According to the ancient texts, around 5000 years ago, the deranged King Salwa who used to ride in Vimanas (which were speculatively gravity defying flying machines) attacked Dwarka from the sky. Krishna defended the city, and defeated him from the ground. This was a perfect fit to be a game like Space Invaders with Retro Game Mechanics. So the game design came through, but that wasn’t the main inspiration of Krishna Legends.
Visit the temple establishment of Tirumala Tirupati Devasthanam and a feeling of grandness takes over you. It doesn’t matter whether you are an agnostic or religious or cultural, the sheer scale at which a single Idol drives a massive operational city is really a humbling experience. It brings you down to your roots and leaves you asking the question, as humans, have we figured ourselves out yet? This gives life to Balaji’s idol, made up of just stone, and we perceive that to be an actual presence of something bigger than us.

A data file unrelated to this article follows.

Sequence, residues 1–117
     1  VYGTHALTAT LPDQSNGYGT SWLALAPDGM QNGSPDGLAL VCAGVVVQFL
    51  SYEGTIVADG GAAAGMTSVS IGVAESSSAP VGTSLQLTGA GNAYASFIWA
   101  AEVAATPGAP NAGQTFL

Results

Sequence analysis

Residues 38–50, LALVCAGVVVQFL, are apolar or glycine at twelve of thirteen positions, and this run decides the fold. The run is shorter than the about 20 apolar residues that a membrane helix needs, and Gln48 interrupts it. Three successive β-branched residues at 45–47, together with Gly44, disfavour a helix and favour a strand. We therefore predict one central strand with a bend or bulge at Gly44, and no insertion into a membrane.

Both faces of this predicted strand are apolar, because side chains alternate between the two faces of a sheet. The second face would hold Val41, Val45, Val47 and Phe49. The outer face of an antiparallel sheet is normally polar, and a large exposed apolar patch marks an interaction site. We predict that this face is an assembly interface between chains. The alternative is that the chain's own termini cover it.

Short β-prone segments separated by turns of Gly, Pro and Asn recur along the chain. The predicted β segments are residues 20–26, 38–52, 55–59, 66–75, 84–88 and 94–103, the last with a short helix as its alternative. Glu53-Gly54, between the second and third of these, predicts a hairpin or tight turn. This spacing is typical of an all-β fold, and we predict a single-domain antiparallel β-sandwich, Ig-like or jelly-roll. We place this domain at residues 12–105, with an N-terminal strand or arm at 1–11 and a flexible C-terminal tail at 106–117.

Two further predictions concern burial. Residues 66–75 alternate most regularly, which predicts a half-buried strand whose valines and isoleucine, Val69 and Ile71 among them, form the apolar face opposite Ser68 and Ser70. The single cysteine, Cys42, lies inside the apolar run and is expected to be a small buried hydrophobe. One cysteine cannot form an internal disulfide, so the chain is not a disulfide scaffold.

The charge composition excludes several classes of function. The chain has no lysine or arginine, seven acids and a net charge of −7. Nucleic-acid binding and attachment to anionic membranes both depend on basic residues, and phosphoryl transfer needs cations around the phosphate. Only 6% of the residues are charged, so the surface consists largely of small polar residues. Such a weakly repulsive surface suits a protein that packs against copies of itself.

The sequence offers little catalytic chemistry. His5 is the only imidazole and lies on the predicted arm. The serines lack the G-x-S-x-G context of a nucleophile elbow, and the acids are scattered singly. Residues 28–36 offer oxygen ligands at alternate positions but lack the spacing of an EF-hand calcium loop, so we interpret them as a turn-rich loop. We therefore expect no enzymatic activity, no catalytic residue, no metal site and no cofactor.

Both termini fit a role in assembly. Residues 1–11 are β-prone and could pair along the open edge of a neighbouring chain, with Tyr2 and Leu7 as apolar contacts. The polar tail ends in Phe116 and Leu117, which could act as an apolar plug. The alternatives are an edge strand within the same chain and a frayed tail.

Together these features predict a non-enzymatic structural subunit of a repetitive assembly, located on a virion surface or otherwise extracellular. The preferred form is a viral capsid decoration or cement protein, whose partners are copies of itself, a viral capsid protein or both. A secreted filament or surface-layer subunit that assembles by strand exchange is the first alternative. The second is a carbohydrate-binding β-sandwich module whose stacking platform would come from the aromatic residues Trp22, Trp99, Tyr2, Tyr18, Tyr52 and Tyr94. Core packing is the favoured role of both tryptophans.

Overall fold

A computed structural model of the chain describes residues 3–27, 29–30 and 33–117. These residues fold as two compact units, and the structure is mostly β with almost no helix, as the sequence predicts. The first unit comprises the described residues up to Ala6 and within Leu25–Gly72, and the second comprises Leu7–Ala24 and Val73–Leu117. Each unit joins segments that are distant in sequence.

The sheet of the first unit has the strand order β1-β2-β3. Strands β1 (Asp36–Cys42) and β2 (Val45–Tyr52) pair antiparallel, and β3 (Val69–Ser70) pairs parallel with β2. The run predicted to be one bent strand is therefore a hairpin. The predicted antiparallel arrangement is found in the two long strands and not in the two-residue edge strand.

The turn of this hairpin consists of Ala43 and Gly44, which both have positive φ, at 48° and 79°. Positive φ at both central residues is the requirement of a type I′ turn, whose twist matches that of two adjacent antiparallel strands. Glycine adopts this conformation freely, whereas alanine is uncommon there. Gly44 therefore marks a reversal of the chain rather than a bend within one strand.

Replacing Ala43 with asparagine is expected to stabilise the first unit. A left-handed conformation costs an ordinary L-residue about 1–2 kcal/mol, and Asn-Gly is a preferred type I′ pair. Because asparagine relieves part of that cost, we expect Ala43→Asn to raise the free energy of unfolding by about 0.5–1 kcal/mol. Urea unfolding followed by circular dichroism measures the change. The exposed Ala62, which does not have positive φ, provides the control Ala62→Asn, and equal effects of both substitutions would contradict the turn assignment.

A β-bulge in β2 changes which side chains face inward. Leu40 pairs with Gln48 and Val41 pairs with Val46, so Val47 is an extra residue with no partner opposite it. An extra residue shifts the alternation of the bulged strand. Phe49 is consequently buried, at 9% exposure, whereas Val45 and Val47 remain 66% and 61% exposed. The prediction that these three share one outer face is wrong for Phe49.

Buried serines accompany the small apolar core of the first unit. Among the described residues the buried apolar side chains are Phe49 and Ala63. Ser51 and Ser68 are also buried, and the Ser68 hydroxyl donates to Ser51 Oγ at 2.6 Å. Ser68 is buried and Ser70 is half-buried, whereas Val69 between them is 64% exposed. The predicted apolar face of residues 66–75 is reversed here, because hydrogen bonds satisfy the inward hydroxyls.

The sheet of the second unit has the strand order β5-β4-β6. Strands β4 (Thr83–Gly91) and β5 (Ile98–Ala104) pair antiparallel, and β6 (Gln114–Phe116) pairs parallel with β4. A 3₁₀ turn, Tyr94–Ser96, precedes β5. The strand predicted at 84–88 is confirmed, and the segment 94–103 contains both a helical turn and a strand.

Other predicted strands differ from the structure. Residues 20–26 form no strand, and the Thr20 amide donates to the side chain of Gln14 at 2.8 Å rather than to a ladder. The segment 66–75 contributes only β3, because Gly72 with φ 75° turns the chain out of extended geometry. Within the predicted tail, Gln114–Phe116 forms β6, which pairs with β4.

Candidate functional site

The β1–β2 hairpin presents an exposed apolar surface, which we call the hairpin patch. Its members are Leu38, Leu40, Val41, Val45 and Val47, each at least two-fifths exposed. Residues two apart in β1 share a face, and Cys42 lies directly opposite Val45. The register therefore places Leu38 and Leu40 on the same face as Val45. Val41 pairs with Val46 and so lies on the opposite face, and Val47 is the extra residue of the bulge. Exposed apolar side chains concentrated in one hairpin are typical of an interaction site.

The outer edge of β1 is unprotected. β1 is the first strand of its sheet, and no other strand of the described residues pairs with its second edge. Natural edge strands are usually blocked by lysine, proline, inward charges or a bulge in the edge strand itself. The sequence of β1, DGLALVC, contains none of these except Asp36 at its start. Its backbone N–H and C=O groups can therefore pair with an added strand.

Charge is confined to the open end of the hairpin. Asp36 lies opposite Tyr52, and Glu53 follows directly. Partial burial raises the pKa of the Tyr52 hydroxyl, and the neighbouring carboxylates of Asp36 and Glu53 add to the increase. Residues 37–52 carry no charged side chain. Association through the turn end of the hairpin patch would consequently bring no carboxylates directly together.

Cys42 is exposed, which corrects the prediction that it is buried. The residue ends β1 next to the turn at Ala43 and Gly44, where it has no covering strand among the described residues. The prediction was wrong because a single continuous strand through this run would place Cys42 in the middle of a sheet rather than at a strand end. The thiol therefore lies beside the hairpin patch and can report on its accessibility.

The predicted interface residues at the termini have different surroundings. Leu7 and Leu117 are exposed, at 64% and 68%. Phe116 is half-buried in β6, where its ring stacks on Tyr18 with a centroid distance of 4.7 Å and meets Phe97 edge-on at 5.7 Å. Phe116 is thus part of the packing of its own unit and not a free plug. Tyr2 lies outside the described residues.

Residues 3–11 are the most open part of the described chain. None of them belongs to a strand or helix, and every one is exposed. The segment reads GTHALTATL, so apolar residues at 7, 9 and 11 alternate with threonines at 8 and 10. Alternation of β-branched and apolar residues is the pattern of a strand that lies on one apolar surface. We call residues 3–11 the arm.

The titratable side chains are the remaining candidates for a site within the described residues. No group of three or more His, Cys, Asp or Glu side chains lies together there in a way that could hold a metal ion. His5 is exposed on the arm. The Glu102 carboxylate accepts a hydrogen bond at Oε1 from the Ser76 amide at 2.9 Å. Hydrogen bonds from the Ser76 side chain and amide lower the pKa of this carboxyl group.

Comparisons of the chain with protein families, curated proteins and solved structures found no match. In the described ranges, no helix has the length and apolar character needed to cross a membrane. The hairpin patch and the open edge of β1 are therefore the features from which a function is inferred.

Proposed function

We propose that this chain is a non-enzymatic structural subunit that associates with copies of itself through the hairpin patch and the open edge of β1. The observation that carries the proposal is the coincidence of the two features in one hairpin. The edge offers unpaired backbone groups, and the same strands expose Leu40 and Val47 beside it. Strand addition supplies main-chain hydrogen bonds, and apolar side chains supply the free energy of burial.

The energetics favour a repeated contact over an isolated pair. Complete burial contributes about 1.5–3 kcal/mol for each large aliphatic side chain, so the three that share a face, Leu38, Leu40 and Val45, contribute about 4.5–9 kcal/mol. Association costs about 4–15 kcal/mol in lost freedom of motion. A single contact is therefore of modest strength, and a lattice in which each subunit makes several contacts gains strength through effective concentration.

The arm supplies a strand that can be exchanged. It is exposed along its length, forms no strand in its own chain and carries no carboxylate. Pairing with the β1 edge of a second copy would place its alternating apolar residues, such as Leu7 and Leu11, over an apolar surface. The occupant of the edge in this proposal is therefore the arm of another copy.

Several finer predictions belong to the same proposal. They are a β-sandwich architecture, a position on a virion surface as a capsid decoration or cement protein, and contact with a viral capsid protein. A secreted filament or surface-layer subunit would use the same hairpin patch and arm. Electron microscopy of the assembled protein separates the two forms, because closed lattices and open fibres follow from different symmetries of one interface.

Inspired by this, we traveled more around the country and that made our imaginations run wild. We wanted to share that feeling of epic as well as the richness of the Indian culture with everyone (We talk more deeply about this in a post about Dhantra Studio). This is not in the context of faith, but it’s more in the realm of culture-craziness, “What life must have been in that contemporary era?”. So it was clear where the art style of the game has to come from.
The Art Style